Well that varies depending on many factors. As mentioned above, you will be an assistant to a teacher in the classroom helping with English. You should never replace the teacher! This doesn’t necessarily mean you’ll only be working in English classes, rather helping with the students’ English in everyday school subjects. An important note: you’ll be teaching British English. While similar to what we use in the States, know that there may be some word/spelling differences! In addition, you will be expected to prepare cultural presentations (talking about traditional American holidays or life in the U.S., etc.). You may be expected to help plan some lessons and maybe even some games or role playing exercises! Your school will give you the most information, should you choose to accept.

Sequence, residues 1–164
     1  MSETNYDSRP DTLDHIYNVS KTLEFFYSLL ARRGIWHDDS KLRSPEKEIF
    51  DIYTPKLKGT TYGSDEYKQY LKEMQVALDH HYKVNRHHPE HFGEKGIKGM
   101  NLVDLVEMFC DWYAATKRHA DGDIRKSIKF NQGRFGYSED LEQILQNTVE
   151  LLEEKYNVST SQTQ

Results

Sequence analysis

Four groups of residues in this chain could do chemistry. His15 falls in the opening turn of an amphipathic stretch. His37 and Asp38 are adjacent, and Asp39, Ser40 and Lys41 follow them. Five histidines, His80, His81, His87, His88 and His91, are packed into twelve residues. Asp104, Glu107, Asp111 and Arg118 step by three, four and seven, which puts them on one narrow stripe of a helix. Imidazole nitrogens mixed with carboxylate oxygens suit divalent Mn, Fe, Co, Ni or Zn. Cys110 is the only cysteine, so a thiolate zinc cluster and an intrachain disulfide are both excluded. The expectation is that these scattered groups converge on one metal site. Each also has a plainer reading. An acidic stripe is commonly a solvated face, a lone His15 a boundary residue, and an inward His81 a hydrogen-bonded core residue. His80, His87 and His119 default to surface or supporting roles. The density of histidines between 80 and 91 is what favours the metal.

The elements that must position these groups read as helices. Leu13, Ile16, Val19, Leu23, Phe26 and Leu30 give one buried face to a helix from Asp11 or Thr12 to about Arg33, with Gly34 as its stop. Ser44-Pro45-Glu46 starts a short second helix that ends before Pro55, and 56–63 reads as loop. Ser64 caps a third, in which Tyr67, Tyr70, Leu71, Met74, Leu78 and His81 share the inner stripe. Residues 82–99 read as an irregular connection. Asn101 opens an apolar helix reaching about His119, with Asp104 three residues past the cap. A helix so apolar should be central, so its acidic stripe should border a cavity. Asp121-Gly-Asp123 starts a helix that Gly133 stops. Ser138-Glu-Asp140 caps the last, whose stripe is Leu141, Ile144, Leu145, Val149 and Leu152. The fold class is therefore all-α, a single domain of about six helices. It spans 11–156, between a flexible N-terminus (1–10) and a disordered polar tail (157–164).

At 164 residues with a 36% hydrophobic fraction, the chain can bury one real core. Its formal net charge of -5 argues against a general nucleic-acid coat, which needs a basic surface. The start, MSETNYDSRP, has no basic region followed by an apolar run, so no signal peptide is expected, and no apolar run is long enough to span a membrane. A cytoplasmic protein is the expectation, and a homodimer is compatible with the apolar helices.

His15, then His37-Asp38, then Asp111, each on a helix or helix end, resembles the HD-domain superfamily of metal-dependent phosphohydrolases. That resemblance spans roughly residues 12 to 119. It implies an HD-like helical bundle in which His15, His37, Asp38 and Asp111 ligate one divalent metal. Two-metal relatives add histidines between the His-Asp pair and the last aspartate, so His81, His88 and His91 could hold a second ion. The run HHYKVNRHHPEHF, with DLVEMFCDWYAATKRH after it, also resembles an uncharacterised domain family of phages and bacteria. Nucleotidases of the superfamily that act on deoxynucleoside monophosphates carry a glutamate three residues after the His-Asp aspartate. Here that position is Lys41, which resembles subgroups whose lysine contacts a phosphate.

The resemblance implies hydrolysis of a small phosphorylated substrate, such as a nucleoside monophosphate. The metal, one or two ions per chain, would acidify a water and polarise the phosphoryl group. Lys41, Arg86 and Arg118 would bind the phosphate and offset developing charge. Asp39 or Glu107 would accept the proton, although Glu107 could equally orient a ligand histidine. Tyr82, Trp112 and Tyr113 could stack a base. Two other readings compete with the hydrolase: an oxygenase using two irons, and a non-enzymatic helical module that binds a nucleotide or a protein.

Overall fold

- Who is eligible to apply for this program?
- Be a college junior or senior, or a graduate holding a minimum of a bachelors degree
- Have a clean background check, cleared of all violent/sexual offenses (you will need to obtain a background check)
- Be of good physical/mental health (you will need a medical certificate from an MD)
- Hold a U.S. or Canadian passport
- Have English or French (for Canadians) as your first language
- It is also recommended that you speak at a B1 Level of Spanish
- How long is the program and what does it pay?